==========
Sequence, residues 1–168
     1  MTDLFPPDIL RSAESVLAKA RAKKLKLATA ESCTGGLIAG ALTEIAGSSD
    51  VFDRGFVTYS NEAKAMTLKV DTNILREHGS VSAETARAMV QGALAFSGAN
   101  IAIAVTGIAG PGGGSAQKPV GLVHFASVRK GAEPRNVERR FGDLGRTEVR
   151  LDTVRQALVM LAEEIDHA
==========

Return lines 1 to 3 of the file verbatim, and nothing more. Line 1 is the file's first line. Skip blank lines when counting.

Sequence, residues 1–168
     1  MTDLFPPDIL RSAESVLAKA RAKKLKLATA ESCTGGLIAG ALTEIAGSSD
    51  VFDRGFVTYS NEAKAMTLKV DTNILREHGS VSAETARAMV QGALAFSGAN